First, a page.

Each of us shares a common image – that of God – but we manifest differently as God’s likeness. Collectively, we display an infinite variety of God’s hues, shapes, and characteristics. When we look in the mirror, however, we see only an imperfect likeness. Many of us are unhappy with that likeness because we believe we are too short or too fat, our hair is too thin or too grey, our clothes don’t fit quite right, or our shoes don’t match our purse. Something important is always missing, misshapen, or mismatched. And something is always wrong because what we see in the mirror is a reflection of God’s likeness – a representation of one aspect of God – and not the entire image we so desire to reflect. Our divine image becomes hidden beneath our likeness to the point where it is easy to forget the image from which we originated. We are conditioned to only see the likeness and not the image, thus becoming obsessed with our appearance instead of our essence.

Our divine image is always there, however. We see the image of God in another when we look deeply into their eyes, or when we catch them uninhibitedly being their most beautiful and pure self (think child-like). The moments are rare, but they are there for the seeking. Likewise, we display God’s image when we let go of our concerns about how others see us, or what others expect from us – when we know we are good enough as we are, where we are – good enough to be loved and valued by God. When we dance like no one is watching, or sing like no one is listening, we do so from a place of ultimate freedom. In that place of unconditional love, we are free to realign our likeness into something more consistent with our image – something that will touch others at a soul-level. As we better reflect God’s image, we are better able to positively impact our world.

Come home to church this Sunday. Discover what you really look like.

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Life Notes—July 4, 2013 


“And he said to them, ‘Take care!  Be on your guard against all kinds of greed; for one’s life does not consist in the abundance of possessions.’”  Luke 12:15


The third of the seven deadly sins is greed.  Like the preceding deadly sins, lust and gluttony, greed is a sin of excess.  Desiring something becomes a sin when that desire overwhelms common sense and decency.  To want to possess that which is necessary and useful in our lives is natural.  But when we begin to hoard possessions in quantities we are unlikely to ever need or use is when it crosses the line to sin.  At that point our possessions possess us, and we become their slaves. And our possessions, which could have value to others in need, become essentially valueless.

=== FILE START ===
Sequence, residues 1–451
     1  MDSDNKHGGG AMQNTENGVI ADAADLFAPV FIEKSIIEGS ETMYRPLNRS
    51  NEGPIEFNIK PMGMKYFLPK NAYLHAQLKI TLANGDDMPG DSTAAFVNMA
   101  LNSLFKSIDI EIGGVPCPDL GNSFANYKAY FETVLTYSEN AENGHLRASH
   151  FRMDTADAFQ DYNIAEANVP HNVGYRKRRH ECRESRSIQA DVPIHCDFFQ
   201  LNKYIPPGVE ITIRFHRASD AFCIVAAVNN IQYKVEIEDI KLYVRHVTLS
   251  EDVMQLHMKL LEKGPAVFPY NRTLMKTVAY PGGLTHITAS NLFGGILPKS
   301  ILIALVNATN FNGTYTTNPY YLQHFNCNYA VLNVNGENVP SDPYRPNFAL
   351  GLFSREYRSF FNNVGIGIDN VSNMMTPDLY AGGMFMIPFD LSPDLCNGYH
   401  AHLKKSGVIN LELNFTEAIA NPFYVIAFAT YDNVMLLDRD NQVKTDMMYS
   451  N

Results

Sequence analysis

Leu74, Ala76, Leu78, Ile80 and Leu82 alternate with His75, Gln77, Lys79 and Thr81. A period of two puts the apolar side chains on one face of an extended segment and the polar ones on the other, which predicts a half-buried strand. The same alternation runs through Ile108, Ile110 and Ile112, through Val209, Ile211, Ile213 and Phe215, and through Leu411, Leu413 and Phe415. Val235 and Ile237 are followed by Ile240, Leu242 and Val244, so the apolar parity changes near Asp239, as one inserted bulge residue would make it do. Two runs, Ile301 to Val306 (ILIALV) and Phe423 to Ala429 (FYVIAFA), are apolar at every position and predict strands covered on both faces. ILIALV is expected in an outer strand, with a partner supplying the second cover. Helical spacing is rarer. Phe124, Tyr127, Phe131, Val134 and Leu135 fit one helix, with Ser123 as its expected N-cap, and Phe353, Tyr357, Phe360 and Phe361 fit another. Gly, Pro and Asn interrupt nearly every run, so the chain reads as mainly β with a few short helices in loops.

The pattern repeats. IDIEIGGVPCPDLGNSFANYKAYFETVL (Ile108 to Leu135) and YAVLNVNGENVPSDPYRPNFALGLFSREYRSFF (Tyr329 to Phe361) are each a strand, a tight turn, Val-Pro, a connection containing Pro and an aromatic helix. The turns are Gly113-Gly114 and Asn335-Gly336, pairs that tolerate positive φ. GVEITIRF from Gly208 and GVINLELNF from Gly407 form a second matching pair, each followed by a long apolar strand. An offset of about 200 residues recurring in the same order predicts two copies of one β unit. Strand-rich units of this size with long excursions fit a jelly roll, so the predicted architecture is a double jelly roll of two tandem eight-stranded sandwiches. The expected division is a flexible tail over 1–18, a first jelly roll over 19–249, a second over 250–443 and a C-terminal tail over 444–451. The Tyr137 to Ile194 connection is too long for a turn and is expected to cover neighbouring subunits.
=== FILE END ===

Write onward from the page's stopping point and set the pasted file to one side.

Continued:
It may be helpful, at this point in this sin-filled series of essays, to review the nature of sin and why it is to be avoided.  A simple definition of sin is that which separates us from God.  The seven deadly sins are considered deadly because they are believed to be the origin of all other sins.  And it is sin which separates us from the new life promised in Christ. Many of us have an inherent aversion to discussing sin because it makes us feel guilty and dirty.  We feel like a puppy who is told “Bad dog!” when he wets on the carpet.  Obviously, the puppy is not a bad dog for wetting on the carpet.  The puppy is a good dog that did something inconsistent with the best interests of the puppy’s family.  The puppy did not wet the carpet because it was bad.  The puppy wet the carpet (1) because he needed to go to the bathroom, and (2) he had not learned how to meet his needs in a family-friendly way.  In like manner, the fact that we sin does not make us bad people.  We were created in the image of God—we are very good people who sometimes act in ways that are not family-friendly.  Our sin, a natural part of our human condition, separates us from God and our community.  Our desire to eliminate sin from our lives, to the extent possible, should not be driven by our desire to be a good person, but by our desire to become a better member of our family and community.  It is in our own best interest, as well as being consistent with the best interests of those around us.  Life is simply better for everyone when there is less sin.  When we tell a person they are a sinner, even in truth, they are much more likely to hear they are a bad person (Bad dog!), than hear they are a good person who can become better.  When we wet the carpet, we don’t need our noses rubbed in our mistake; we need to be lovingly and patiently shown a better way.  Showing a better way is the responsibility of Christians—not because we’re perfect, but because we have been shown the better way of love through Christ.  And, as with most things in life, the most effective witness is a living example to emulate.


So the danger with greed, to us and others, is not in wanting something.  The danger is in wanting something to such an extent and in such a quantity, and to want to possess it so completely that the object of our desire is no longer useful to meet our own needs or the needs of others.  We must learn that the true graces of God cannot be hoarded, but must be shared in order to bless us and others.


Come home to church this Sunday.  The value of life is not in the abundance of possessions.


Greg Hildenbrand, Life Music Coordinator